Blank journals and the debilitating nature of perfection

I’ve been returning the cursor to the beginning of this post for 5 weeks now.  If I’ve written a hundred sentences, I’ve written a thousand; all of them the first and all of them inadequate.  I love to write and I love sharing my story, but every time I sit down to write about what’s on my mind (and there’s a lot, I have more posts started in drafts than I have published over the last 4 years) I get overwhelmed by my expectations for how detailed and well researched and perfect the post has to be.  So I end up working on it for a few hours and then run out of time, or steam, or just generally lose track of where I was going with my thoughts in the first place and all of the clutter just stays stuck in my head, swirling round and round, mixing with the shame about my inability to finish a post.

I have always liked the idea of journaling.  I especially love blank books and journals. I love the fresh, clean, crips pages, and the different headers that allow you to keep track of the date or day of the entry.  I love the different covers and various pictures, or inspirational quotes intersperced between the lined pages, the smooth covers, the unbroken spines.  They start out so perfect, flawless.

With loves like these, you might expect me to be a prolific journaler, but I have this debilitating fear that the first word, or sentence, or page I write in a perfect, new, blank journal will not be good enough and will ruin the book’s untouched perfection.  I can’t even tell you how many formerly blank books are on my shelves with one or two pages of writing, or the first several pages removed, to try to restore the tranquility of blankness.

This is not even half of the blank journals and fancy notebooks in my office alone.  And that's not even counting the books with one or two pages written on.

This is not even half of the blank journals and fancy notebooks in my office alone. And that’s not even counting the books with one or two pages written on.

It sounds kind of crazy, when I’m trying to explain this fear of imperfection to others (except of course in recovery circles, where people understand this sort of insanity), but inside my brain it seems like the most logical, rational thing in the world.  No matter how far I’ve come believing in my worthiness, I still don’t value my thoughts and words enough to believe that they enhance a blank page, rather than diminish it.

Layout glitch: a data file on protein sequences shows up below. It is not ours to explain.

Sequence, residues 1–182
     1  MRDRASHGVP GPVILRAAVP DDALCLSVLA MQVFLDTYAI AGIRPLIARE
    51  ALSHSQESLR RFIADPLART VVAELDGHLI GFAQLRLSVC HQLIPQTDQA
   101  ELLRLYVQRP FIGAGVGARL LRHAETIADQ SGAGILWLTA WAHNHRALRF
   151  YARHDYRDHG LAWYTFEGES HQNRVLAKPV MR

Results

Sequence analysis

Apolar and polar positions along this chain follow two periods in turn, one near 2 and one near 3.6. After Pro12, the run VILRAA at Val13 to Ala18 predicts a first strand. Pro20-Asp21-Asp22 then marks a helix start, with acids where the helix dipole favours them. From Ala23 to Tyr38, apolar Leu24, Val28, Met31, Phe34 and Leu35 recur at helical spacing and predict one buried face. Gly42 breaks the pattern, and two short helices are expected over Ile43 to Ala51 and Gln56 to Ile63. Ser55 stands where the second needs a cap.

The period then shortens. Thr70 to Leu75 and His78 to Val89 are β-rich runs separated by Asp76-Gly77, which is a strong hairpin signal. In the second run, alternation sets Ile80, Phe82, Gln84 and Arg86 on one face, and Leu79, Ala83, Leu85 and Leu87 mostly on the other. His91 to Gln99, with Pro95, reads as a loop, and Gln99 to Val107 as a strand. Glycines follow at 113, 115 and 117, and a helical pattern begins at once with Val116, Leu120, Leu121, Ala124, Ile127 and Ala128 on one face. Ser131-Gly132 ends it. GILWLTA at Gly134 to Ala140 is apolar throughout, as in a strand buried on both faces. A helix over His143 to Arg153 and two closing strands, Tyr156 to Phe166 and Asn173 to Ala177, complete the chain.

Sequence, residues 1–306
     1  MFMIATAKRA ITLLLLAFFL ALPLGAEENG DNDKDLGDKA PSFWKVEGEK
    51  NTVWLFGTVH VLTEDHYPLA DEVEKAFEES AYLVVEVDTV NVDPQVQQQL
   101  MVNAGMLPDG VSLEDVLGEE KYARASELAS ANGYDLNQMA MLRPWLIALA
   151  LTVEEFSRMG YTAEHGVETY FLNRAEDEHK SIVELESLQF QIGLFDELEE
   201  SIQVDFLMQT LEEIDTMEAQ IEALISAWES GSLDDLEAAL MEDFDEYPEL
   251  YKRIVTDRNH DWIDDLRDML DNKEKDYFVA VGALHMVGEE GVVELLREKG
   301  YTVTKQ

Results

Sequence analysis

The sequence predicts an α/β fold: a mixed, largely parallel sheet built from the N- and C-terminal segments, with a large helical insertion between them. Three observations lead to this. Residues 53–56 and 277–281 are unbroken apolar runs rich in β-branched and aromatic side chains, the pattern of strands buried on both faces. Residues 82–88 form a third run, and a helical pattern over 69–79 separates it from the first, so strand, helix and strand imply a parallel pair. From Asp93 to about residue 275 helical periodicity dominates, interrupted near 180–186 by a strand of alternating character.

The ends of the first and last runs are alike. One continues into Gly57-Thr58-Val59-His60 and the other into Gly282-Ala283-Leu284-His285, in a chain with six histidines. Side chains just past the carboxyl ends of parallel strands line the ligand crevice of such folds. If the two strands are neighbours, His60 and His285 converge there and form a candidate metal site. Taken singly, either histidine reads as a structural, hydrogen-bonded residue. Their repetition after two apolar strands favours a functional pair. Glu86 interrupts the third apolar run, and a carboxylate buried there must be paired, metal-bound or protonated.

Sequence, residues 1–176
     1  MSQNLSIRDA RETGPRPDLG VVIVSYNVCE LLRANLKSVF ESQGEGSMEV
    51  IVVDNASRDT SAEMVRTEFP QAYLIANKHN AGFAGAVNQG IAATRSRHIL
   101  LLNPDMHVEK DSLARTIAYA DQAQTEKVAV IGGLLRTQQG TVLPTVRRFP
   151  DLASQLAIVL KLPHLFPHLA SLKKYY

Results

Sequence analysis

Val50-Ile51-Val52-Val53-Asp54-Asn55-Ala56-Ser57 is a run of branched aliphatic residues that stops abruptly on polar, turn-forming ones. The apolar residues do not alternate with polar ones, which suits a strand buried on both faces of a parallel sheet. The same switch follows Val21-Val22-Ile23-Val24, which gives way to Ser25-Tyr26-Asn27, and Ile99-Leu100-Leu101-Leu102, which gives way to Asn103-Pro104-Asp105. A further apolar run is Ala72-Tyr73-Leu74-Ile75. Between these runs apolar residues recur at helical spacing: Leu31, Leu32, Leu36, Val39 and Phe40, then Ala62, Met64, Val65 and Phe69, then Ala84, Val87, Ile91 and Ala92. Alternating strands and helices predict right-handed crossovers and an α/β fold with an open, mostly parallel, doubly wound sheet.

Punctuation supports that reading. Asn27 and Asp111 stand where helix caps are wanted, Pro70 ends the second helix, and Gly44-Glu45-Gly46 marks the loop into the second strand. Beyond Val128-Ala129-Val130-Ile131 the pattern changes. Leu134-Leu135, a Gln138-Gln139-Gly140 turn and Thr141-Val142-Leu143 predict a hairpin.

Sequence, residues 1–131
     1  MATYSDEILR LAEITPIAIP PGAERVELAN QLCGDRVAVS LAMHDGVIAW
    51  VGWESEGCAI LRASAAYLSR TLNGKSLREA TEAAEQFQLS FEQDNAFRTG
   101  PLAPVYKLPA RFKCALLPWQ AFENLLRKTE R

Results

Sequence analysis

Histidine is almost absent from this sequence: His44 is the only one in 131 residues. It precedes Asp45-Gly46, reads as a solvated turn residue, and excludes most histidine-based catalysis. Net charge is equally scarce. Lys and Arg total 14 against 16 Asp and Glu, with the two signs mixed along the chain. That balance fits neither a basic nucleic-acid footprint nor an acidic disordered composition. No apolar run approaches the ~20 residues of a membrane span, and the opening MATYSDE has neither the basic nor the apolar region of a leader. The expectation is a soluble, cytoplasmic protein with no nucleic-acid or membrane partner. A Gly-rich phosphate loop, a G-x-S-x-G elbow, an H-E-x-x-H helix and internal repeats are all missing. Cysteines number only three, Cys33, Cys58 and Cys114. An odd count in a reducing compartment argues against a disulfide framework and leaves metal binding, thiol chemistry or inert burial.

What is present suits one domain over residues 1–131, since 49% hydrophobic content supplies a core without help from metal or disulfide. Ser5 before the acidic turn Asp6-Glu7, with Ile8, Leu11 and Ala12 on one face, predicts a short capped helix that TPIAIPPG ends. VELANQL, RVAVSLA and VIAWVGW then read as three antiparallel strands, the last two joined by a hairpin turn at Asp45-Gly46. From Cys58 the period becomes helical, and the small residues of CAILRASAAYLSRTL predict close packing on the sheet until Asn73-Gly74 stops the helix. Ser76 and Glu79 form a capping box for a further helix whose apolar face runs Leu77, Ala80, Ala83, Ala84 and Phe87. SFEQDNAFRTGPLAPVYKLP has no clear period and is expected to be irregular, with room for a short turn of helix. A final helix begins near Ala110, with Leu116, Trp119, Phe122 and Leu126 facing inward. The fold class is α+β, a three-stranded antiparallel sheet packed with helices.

This is actually one of the reasons I was drawn to blogging.  It’s much easier to remove a flaw from a digital page than it is from paper.  However, it is the same feeling of not being good enough that frequently keeps me from finishing a post and publishing it.  I had a lot of lofty goals for this headline.  I wanted it to be some grand revelation, that would get people to see that being a perfectionist isn’t a cute way to dodge an interview question about your weaknesses, it can actually be completely paralyzing.  But now that I’m too many paragraphs in to put the cursor back at the top of the page, I’m recognizing that telling you about my fear is enough of an accomplishment for this post.

I’m taking my power back. I am no longer willing to expend this amount of energy trying to hide my flaws.  I will instead direct that energy towards acceptance.  And to practice getting past the anxiety of posting something flawed, I’m going to finish and post at least 10 started posts from my drafts by the end of June.  I will spend a pre-determined amount of time to finish them and then I will publish them without agonizing, checking and double checking.  And that’s all I have to say about that.

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6 Responses to Blank journals and the debilitating nature of perfection

  1. Shauna Stubbs says:

    A wise woman I know once said, “I am not a recovering perfectionist; I am an aspiring ‘good-enoughist!'” I admire your courage.

  2. Love this post! And the title, by the way. Perfecionism can truly be debilitating. If it helps you feel better: I edit my posts over and over, long after they have been published. I don’t think anybody cares. At least, the first draft didn’t stop people from liking it. But I do understand the need to perfect things. I creates some weird moment of peace, if only to reopen to fears of a flaw the next. Good luck with your writing. I’ll follow your blog and won’t double-check whether you’ve edited the post after publishing it, or not 🙂

    • recovgirl says:

      Thanks so much for this! I so appreciate the “me too” camaraderie and knowing it’s not just me. Hadn’t even occurred to me that somebody might be checking to see if I had edited o_o -_- I was just worried it would email out a notification to people who follow by email. Now I’m even more paranoid. Ha! Well hopefully my little perfection-no-more experiment will help. Thanks again for the awesome comment.

  3. Pingback: Perfectionism vs Drafts Challenge Update | Recovering Girl

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